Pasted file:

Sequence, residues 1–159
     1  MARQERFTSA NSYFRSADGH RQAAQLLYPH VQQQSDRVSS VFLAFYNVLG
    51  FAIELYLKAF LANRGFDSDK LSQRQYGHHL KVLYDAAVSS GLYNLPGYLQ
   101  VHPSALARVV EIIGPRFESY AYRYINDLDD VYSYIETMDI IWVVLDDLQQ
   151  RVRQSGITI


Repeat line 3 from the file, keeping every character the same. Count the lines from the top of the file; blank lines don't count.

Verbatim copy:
    51  FAIELYLKAF LANRGFDSDK LSQRQYGHHL KVLYDAAVSS GLYNLPGYLQ